Now, I continue my life as a working artist, traveling and showcasing my artwork throughout the United States with my life partner and fellow artist Holly Randall of Flying Frog Illustration. I am currently exploring new, pop culture themed parodies, and social commentaries, with the goal to enrich, enliven, entertain, and hopefully inspire my audience in new subltle and profound ways.
My work is primarily seen by a massive public audience at Comic Conventions throughout the Western United States. My first ever Comic Convention was with Holly along with our friend and fellow colleague Alex Greengaard, founder of Wolfgang and Sons, during Tucson Comic-Con's 7th annual pop culture extravaganza in 2014.
Traveling to Comic Cons is hands down what helped inspire my iconic series Modernizing the Masters.
As a member of Wolfgang and Sons, we would continue working on a number of projects together including arts and music events with Hotel Congress, as well as The Rialto Theatre.
Our most notable accomplishment together is Tucson's Fine Art 5cents. An event production that creates a service to the community by providing a platform for visual artists and musicians to showcase and sell their work in a marketplace that is receptive to what Tucson local creatives have to offer. 2014 & 2015
Under Sphere Portal (acrylic paint on 36"x24" canvas)
It all pretty much started in high school, and shortly there after... were more opportunities. By the time I was fifteen years old, I had already been drawing for over ten years, then arriving to Mountain View High School, I began to paint and express my art in new, more advanced ways.
In my junior year of public high school, I was awarded scholarship to the Marie Walsh-Sharpe Foundation's Summer Seminar in Colorado Springs 2002. The above two images were in the portfolio submitted to the program. Those images, along with a few others, coupled with persistent follow ups by my encouraging father, got me into one of the most intensive, and most exclusive art programs offered to young artists at the time.
The Marie Walsh-Sharpe Foundation functioned by means of a fund left by the late widowed Marie Walsh-Sharpe. Founded by Joyce Robinson, the foundation grants acceptance to 63 high school juniors per year, and invited the accepted applicants to take part in an intensive learning experience of knowledge, necessary to becoming a successful artist today.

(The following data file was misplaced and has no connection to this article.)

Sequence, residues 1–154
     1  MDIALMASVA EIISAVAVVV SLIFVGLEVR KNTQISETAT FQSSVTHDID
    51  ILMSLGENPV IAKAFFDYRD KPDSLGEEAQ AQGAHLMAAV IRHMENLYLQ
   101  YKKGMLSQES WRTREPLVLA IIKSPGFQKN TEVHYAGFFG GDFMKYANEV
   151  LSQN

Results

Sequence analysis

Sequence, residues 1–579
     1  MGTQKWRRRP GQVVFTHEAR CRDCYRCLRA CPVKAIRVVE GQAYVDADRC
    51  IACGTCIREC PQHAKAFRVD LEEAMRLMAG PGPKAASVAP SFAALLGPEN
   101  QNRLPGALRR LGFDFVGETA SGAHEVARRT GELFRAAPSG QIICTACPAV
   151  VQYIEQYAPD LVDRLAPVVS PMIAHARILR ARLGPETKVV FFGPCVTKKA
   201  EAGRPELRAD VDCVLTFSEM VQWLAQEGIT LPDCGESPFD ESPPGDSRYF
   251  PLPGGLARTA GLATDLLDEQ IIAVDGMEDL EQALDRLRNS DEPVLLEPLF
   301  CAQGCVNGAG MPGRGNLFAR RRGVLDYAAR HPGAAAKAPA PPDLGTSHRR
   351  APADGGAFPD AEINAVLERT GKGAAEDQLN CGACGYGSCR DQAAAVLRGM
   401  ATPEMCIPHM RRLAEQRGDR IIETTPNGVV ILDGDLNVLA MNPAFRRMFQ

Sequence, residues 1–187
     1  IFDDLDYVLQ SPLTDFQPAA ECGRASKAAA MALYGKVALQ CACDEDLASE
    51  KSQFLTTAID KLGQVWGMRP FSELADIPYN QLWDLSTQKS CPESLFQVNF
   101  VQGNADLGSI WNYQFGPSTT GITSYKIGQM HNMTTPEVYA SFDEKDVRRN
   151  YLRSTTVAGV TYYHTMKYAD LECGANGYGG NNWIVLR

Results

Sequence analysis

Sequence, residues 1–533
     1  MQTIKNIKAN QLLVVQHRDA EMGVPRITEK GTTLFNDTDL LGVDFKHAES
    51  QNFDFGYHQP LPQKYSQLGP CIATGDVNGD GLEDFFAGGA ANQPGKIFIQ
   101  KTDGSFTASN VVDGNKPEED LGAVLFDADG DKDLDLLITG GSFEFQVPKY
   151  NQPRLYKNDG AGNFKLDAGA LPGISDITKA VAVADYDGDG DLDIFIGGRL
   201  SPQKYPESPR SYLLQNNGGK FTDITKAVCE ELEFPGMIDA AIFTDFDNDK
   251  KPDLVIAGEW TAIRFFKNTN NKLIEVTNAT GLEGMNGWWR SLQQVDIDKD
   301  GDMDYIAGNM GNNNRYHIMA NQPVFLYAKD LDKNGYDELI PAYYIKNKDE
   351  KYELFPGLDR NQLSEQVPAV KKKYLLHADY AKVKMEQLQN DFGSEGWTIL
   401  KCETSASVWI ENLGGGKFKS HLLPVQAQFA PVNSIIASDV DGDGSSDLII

Broken down into three, two week seminars of 21 students each, on site mentoring and instruction by two working artist professionals, plus a staff of experienced college professors and interns, equipped with room & board and complimentary cafeteria buffet provided by Colorado College. All expenses paid for by the Marie Walsh-Sharpe Foundation. Including in depth training of techniques on drawing, painting, live nude drawing, studio anatomy sculpting, plein aire painting, and studio painting techniques, and palettes. After that it was back to Tucson to finish up public high school.
The unfinished studio study (shown above) was painted with acrylic paint on canvas panel during my time at Marie Walsh Sharpe in 2002. The painting is an interpretation of Salvador Dali's Enigmatic Elements in a Landscape. It is an old apprentice practice that helps guide budding artists to technique, by duplicating a master's work. This approach to developing technique is one that even noted artist Salvador Dali practiced himself, in the early years of his career.
I return to this technique later
in my art career with my series:
Modernizing the Masters.
Love Comes in Many Forms
SurReal Self Portrait
(graphite drawing on 8.5"x11" paper) 2002
I painted the water color dream portrait above, after returning to Tucson from Marie Walsh-Sharpe, during my senior year, before graduating in 2003. I submitted the above piece to Solar Culture Gallery, achieving my first ever gallery representation at 18 years of age. Solar Culture is a community gallery space for over 25 years in downtown Tucson's Historic Art's District. I still unveil select paintings and exhibits through Solar Culture to this day.
The Nameless One
(acrylic paint on 24"x36" canvas) 2002
Christopher Stuart Wilson
Christopher Stuart Wilson
Born: December 22nd, 1984 O'odham Cuk Ṣon, Tucson, Viejo Mexico, USA, Earth